An investment banker explains how much you will really work in his field.
The Wall Street Oasis: Investment Banking Forum site has a thread titled “Staying awake” , about pulling all-nighters. Many aspiring investment bankers in that thread said caffeine is the order of the day (or night). Others recommended drinking lots of water, exercising during work hours, listening to hard rock music. Some recommended drugs, like Provigil, Adderall and Dexedrine.
But aspiringmonkeyisanidiot wrote: “Taking Rx is the most counterintuitive solution ever … If that is where you are at you, need to seriously re-evaluate your career goals.”
To which Mis Ind replied:
Yes, yes, it’s awful. Simply awful. Immoral, counterintuitive, and just plain WRONG, right? I couldn’t agree with you more.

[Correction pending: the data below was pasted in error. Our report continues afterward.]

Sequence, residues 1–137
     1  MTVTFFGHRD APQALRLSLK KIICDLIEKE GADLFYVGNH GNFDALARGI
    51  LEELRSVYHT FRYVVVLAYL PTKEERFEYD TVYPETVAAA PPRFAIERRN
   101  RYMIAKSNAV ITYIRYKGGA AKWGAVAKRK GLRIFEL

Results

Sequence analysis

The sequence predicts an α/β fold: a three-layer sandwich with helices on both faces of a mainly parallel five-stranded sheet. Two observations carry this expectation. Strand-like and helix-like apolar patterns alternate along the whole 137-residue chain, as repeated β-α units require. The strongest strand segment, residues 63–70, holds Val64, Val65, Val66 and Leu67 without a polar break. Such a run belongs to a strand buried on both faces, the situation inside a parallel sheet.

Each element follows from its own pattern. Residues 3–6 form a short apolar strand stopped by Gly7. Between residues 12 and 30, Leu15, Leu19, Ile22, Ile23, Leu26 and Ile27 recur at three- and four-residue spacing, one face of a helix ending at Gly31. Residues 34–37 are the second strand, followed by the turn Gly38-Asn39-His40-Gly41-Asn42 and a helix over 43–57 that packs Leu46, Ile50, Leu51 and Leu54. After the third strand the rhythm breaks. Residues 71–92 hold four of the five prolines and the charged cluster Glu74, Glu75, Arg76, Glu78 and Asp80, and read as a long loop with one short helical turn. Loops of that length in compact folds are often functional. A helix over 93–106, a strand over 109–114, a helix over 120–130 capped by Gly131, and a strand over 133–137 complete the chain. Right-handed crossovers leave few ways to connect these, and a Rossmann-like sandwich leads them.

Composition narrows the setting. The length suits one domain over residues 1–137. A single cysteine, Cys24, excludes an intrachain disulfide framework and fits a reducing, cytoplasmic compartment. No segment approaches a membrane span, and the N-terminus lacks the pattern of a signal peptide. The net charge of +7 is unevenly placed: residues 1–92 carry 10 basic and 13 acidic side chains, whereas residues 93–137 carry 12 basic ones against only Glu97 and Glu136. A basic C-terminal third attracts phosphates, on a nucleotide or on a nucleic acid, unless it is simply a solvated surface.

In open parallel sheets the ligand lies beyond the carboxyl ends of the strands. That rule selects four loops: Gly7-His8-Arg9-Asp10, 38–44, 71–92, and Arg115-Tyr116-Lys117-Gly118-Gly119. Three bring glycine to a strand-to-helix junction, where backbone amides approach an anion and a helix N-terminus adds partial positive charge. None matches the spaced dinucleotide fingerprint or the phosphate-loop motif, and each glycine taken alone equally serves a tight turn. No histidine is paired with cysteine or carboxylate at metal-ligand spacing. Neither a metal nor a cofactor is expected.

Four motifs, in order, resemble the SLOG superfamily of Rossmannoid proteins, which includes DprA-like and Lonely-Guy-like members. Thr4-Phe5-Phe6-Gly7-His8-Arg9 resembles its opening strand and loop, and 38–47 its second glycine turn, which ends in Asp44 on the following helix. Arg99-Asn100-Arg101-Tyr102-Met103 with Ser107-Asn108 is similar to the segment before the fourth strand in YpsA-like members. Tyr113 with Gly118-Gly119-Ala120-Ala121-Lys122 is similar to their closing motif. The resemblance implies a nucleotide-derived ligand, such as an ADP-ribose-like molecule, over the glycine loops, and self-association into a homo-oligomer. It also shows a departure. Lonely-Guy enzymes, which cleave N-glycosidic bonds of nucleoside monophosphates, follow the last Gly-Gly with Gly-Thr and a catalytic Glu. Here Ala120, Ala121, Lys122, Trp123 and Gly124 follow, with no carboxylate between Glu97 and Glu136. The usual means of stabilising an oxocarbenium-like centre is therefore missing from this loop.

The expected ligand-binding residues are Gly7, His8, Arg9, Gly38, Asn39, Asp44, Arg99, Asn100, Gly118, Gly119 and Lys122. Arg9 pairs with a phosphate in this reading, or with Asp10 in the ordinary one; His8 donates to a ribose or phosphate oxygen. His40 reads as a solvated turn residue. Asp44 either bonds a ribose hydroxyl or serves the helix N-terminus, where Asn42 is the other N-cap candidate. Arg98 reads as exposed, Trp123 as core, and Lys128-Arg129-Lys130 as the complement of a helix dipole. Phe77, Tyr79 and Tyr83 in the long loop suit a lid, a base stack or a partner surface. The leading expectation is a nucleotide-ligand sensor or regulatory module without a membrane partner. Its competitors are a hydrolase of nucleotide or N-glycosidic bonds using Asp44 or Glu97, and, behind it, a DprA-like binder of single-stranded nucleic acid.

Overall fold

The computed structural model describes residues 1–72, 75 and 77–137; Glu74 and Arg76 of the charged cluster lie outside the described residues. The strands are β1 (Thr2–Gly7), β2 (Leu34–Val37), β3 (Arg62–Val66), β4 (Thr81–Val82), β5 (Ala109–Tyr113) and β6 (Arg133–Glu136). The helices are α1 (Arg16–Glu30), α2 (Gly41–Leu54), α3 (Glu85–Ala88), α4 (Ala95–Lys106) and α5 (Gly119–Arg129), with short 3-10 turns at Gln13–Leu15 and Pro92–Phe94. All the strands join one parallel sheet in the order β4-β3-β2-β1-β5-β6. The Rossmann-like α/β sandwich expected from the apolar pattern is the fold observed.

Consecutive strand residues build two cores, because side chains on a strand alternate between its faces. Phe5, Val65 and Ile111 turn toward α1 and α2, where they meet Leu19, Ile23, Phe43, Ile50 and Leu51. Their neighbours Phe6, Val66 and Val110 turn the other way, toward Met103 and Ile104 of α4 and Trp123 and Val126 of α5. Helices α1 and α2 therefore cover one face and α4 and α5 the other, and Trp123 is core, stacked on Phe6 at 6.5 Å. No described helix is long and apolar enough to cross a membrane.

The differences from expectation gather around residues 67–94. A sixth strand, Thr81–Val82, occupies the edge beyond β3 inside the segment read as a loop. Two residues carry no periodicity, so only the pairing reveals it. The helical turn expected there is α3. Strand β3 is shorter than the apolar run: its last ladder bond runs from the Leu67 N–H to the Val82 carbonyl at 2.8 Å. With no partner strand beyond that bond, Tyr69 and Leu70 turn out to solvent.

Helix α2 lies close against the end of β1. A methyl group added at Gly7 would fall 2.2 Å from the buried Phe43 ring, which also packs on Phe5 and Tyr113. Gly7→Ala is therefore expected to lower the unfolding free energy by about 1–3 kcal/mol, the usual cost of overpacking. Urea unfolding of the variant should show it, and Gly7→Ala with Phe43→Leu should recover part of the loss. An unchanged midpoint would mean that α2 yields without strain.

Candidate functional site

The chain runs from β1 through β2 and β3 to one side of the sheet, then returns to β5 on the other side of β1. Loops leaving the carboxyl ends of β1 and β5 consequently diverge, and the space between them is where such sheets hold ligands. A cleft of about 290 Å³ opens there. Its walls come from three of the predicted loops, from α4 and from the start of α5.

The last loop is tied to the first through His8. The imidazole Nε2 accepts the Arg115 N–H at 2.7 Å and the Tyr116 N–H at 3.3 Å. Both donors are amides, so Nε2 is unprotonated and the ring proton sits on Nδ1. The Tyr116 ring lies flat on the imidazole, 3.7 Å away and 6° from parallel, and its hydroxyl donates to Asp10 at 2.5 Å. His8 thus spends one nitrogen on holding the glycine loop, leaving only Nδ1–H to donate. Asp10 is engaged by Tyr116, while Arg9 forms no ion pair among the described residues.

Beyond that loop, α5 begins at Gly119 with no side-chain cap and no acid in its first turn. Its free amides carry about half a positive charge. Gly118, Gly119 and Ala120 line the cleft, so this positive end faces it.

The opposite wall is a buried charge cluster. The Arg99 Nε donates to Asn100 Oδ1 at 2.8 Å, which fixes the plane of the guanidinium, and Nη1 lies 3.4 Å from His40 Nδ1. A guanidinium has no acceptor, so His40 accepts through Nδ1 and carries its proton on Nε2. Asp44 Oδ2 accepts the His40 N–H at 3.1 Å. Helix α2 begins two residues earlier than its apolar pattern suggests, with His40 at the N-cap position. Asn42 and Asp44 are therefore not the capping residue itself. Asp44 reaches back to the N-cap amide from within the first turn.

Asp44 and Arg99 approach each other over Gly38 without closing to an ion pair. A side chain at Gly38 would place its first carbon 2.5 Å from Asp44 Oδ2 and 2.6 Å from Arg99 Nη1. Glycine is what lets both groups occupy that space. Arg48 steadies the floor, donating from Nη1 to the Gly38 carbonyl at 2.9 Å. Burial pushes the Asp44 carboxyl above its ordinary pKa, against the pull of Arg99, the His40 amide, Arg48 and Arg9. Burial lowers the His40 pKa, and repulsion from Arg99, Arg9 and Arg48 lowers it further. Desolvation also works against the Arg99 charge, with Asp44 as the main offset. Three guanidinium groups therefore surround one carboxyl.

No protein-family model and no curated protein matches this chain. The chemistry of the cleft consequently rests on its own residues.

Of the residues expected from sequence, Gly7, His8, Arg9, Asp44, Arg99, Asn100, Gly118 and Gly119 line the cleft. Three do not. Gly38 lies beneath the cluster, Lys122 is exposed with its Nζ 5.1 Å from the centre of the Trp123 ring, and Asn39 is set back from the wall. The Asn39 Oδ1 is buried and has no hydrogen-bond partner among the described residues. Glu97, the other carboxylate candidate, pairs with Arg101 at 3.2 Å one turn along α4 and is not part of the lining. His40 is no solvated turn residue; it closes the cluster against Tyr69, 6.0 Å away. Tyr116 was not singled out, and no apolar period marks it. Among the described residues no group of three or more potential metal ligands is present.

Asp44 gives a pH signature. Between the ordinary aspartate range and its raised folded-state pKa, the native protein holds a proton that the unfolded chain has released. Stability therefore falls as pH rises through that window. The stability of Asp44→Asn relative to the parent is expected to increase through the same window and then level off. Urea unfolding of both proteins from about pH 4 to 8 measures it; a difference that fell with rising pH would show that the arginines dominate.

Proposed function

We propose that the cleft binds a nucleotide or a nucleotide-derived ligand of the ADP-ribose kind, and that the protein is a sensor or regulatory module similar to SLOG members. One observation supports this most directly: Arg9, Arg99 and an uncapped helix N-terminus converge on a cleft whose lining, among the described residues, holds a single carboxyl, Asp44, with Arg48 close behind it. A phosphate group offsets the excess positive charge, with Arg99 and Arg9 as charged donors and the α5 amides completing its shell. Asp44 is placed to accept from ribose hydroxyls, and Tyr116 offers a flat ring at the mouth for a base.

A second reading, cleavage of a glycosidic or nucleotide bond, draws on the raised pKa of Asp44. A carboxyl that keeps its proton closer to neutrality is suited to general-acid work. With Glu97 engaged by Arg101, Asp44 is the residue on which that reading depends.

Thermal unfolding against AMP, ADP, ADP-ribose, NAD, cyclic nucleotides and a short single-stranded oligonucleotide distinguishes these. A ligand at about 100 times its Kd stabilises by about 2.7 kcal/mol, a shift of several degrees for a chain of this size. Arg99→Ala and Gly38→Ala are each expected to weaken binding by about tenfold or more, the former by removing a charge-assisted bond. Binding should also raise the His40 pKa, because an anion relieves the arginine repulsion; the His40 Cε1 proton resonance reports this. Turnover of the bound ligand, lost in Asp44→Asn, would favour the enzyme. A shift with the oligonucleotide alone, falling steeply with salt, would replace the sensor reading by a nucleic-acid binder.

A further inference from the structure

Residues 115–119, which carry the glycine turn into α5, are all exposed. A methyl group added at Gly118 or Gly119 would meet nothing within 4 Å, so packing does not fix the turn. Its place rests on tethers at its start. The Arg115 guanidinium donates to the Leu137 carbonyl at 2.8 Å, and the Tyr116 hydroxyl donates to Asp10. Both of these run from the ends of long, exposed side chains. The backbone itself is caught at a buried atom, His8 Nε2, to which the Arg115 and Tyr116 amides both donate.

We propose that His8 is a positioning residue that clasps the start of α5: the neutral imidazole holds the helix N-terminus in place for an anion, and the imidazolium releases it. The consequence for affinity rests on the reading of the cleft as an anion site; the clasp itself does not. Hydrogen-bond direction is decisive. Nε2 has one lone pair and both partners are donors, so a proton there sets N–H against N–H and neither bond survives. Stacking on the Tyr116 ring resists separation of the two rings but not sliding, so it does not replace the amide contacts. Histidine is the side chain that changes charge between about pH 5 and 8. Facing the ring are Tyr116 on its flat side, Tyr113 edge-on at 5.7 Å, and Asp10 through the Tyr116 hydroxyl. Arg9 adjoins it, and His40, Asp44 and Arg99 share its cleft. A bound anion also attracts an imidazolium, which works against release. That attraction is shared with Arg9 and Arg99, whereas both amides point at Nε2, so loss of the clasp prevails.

And in the real world when the competition does it, when it’s the norm in your group to work 36-hour shifts without a moment of sleep, when all the analysts in your compensation pool are outdoing each other in exhaustion and you come to understand that yes, this really is what the seniors want to see before they will take you seriously… what are you going to do? Pack up your expensive apartment and go back to your hometown with your tail ‘twixt your legs? Rail and shout about the unfairness of it all? Refuse to show the seniors what they want to see?